RICHMOND, Va. -- Former President Barack Obama offered a sharp rebuke of the Republican candidate for Virginia governor, Glenn Youngkin, as he encouraged voters on Saturday to support Democrat Terry McAuliffe in the closely watched race.
Obama accused Youngkin of portraying himself as a friendly everyman while encouraging what Obama called "lies and conspiracy theories" about widespread voting fraud in the 2020 elections. Former President Donald Trump has continued to push the false narrative about election fraud, which fueled the Jan. 6 insurrection at the U.S. Capitol.
"Either he actually believes in the same conspiracy theories that resulted in a mob, or he doesn't believe it but he is willing to go along with it, to say or do anything to get elected. And maybe that's worse ... because that says something about character," Obama said.
Youngkin, a former private equity executive and a first-time candidate, initially made "election integrity" the centerpiece of his campaign and refused for months to say whether President Joe Biden was legitimately elected. He has since said that Biden was, and that there was not widespread fraud in last year's elections.
Obama described McAuliffe -- the state's governor from 2014-2018 -- as an experienced, steady hand and told a crowd of what organizers said was 2,000 people gathered outdoors at Virginia Commonwealth University in Richmond that the Nov. 2 election would "show the country and the world that we're not going to indulge in our worst instincts."
The former president said he understood voters are worn down, both from the country's divisive politics and the strain of the pandemic. But he said there's too much at stake to not cast a ballot.
"We don't have time to be tired. What is required is sustained effort," he said.
Asked for comment, a Youngkin campaign spokesman called Obama's remarks "false statements" and accused The Associated Press of "indulging the fantasies of the Terry and the left because they can't run on their failed record and radical vision for the future."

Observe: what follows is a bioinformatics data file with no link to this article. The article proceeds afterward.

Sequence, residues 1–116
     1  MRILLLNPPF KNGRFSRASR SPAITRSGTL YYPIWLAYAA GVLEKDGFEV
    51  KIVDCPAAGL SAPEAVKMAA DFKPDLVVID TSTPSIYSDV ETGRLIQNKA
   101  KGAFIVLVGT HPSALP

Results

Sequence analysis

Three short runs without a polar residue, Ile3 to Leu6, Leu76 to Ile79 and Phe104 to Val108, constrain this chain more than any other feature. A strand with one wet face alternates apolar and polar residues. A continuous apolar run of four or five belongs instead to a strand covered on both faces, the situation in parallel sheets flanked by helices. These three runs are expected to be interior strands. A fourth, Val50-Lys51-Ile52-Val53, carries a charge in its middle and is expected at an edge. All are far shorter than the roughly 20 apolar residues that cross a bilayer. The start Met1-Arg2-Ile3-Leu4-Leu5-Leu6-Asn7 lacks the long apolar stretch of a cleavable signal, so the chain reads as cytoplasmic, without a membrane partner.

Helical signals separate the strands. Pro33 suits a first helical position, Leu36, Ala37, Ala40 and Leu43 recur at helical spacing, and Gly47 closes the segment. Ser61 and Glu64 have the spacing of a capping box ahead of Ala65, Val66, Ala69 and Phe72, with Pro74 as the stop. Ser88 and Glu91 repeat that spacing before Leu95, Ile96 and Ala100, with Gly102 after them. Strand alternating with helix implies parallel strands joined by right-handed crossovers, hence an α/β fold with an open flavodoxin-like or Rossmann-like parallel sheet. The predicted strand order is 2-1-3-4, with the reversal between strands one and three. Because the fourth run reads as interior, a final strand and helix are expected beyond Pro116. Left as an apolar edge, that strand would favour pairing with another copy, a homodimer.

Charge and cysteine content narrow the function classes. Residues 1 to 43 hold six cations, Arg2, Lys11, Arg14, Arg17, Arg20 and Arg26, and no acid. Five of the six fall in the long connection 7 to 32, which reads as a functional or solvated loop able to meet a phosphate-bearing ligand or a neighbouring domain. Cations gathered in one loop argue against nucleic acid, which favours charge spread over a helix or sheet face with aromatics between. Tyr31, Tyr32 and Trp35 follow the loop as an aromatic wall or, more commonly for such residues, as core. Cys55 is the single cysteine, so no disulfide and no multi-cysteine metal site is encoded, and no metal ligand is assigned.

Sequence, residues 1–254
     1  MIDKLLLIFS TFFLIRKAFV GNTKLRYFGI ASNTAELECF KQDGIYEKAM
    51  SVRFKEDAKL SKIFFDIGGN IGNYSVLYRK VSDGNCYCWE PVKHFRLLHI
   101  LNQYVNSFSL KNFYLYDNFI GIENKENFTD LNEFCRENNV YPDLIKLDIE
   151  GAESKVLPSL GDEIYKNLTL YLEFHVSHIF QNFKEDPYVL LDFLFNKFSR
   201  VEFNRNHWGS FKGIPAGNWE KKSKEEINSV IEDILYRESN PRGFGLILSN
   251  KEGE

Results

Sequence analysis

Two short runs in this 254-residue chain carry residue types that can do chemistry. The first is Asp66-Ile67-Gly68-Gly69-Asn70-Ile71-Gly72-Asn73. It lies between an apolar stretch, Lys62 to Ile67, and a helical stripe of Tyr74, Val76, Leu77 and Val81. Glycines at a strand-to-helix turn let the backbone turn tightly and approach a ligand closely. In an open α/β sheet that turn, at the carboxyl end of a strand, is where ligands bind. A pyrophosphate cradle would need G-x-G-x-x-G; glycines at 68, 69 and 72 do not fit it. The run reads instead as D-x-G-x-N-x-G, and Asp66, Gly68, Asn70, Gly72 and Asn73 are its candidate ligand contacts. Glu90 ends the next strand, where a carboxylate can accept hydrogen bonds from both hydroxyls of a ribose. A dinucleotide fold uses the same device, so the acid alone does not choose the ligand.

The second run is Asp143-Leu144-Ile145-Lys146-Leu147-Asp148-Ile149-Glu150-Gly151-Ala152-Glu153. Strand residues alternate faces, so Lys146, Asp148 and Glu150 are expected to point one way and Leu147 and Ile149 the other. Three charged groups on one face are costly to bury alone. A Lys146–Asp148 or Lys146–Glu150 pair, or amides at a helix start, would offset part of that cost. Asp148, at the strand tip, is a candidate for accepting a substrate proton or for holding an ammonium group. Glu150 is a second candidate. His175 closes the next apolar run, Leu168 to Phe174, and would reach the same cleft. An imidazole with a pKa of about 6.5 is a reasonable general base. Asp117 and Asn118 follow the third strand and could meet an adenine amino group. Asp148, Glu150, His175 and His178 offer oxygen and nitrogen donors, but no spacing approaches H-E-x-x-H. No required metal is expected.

The Youngkin campaign has said election security is a bipartisan concern and has tried to draw a comparison between the false claims of fraud today and the 2000 presidential election, when a Supreme Court ruling decided the winner and McAuliffe blasted the decision and said the election had been stolen.
McAuliffe is seeking a return to office in the only state where the incumbent cannot serve consecutive terms. Less than two weeks out from the Nov. 2 election, polls show a tight race in a state Biden carried by 10 percentage points last fall.
While New Jersey is also holding an election for governor on Nov. 2, it's the Virginia race that's grabbed national attention as a possible indication of voter sentiment before next year's midterms.
Numerous Democratic elected officials including U.S. Reps. Donald McEachin and Bobby Scott, U.S. Sen. Tim Kaine and Gov. Ralph Northam also delivered remarks at Saturday's event. Biden, who campaigned with McAuliffe over the summer, is joining the Democratic nominee Tuesday in northern Virginia.
Youngkin, who has generally steered clear of outside supporters in the final stretch, held a Saturday evening rally in suburban Richmond at the start of a statewide bus tour.
Speaking to a crowd of what the campaign said was 2,000 people in a field next to a grocery market, he delivered a half-hour outline of his platform, promising to cut taxes, roll back red tape, ban critical race theory and roll out an expansive charter school program.
He said the election offered a chance to change the trajectory of the state to one where the "relentless pursuit of a better life, of prosperity is not burdened or blocked by self-dealing politicians."
"This thing is a toss-up," he said, and later predicted that he would win.
Trump has not campaigned alongside Youngkin, and Youngkin's campaign has not responded to questions from The Associated Press about whether he has been asked to. Trump has endorsed Youngkin multiple times and called into a rally organized by a right-wing radio host this month to exhort the crowd to vote for him.